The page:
49ers preaching decisiveness to running back Trey Sermon

Trey Sermon suffered a broken collarbone on his final college carry.

And Sermon suffered a concussion on his first NFL carry.

So what happens on Friday night, when the San Francisco 49ers running back will likely have his next carry, in the preseason opener against the Packers? There is cautious optimism that his painful, 19-month path will finally give way to production.

That’s what the 49ers, who specialize in finding bonafide running backs in the bargain bin, expected when they traded up 29 spots to draft Sermon in the third round last year. The uncharacteristic move — Sermon is the highest-drafted running back in head coach Kyle Shanahan’s six seasons with the 49ers — strongly suggested Sermon was viewed as a unique talent.

“You see that burst,” general manager John Lynch said on the day Sermon was selected. “You see that ability to stick his foot in the ground, break tackles and hit it in a hurry.”

Lynch was hitting on key qualities that running backs need to thrive in Shanahan’s zone-based running schemes. But the explosion and assertiveness that Sermon flashed at Oklahoma and Ohio State was lacking in his 41-carry rookie season. Last week, Shanahan said Sermon “learned the hard way” that NFL holes “close a lot faster than they do in college.”

“It’s just about hitting it without any hesitation,” Shanahan said.

What happened? Why was Sermon’s trademark decisiveness diminished in the NFL?

Sermon spoke in October about trying to master the timing of the 49ers’ outside-zone attack. He indicated he’d been thinking his way through too many runs, which prevented him from hitting holes aggressively. In addition, it’s worth noting that Sermon’s first regular-season carry ended with a violent collision that would give some backs pause about running violently: Sermon swept left, cut downfield, lowered his head and took a vicious back-to-the-helmet shot that forced him to fumble and left him facedown on the field in Week 2 against the Eagles.

Even before that concussion, however, there was compelling evidence that Sermon hadn’t made a strong impression: The previous week, in the season opener at Detroit, he was a healthy scratch and watched the game in street clothes.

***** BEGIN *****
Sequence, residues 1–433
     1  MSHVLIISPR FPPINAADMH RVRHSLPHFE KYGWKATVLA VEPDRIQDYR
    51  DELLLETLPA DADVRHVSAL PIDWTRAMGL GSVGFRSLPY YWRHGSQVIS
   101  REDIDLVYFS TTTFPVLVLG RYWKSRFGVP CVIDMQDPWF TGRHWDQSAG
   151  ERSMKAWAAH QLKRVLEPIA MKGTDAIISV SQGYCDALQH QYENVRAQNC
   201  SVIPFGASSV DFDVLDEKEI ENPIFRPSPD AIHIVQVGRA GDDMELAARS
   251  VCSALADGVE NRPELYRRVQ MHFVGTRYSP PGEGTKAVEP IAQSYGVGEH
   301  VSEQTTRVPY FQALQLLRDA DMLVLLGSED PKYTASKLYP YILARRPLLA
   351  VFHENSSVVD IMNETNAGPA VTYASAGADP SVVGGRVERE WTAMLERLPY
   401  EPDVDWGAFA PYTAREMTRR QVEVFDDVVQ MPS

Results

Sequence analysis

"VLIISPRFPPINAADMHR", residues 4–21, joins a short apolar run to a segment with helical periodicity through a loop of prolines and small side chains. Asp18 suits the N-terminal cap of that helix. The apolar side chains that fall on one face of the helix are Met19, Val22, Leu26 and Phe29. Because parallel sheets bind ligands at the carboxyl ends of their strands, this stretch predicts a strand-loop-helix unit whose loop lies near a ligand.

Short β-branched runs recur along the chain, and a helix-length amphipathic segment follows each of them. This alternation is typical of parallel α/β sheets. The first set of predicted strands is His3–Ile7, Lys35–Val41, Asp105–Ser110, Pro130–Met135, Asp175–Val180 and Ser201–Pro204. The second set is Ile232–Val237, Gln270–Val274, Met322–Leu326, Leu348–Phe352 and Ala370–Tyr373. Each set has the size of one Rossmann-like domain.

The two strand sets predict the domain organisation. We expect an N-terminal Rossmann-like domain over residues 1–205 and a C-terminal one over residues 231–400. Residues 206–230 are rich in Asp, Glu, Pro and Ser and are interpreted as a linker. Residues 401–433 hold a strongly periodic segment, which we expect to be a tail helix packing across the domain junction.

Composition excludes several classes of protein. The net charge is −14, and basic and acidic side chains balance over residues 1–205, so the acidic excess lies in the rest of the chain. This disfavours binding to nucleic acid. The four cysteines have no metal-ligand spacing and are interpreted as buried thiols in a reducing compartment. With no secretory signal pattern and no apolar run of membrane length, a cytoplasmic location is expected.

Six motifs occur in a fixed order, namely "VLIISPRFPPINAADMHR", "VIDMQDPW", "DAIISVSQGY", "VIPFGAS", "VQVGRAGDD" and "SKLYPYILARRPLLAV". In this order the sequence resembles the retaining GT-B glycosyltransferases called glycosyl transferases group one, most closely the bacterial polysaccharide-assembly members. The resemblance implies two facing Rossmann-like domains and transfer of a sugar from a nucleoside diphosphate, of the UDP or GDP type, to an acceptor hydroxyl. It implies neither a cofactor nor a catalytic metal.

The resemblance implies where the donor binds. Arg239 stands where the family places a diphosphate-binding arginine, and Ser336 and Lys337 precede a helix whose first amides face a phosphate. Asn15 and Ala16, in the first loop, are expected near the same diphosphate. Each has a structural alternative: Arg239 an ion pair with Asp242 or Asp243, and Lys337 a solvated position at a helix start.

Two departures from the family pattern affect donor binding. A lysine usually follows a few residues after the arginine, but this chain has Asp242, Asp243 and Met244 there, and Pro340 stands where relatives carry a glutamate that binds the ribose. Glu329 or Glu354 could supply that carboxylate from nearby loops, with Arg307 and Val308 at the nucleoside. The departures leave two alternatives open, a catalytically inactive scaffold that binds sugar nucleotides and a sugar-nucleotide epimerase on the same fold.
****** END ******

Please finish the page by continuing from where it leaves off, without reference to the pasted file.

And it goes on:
New running backs coach Anthony Lynn, the former Chargers head coach who was an NFL running back, told Sermon he’d have a clean slate entering his second season.

“Well, the first thing I did — because I heard the noise, too — I brought Trey in and just told him, ‘I’m a new coach on staff,'” Lynn said. “’I have no history with you. I don’t care what you did in the past. But I liked your film at Ohio State. I know what you’re capable of. This is what we’re going to do. And this is how we were going to do it.’

“And so far, I like the way he’s responded. He’s not a rookie anymore. He’s been a professional. And I just see it carrying over to the field.”

Sermon, who played between 210 and 215 pounds last season, reported to camp at 220 pounds. He said he changed his offseason routine and spent part of his time working out at two training facilities in Fort Lauderdale, Fla. Shanahan said last month that Sermon was as “yoked up as he could be” when he reported for the offseason program.

“I had a plan,” Sermon said. “I knew what I wanted to work on to be better and more prepared… I know for a fact, without a doubt, that I can play at a high level in this league. And I definitely feel like it’s been a big jump for me from year one to year two. Now, I just have to be consistent with it.”

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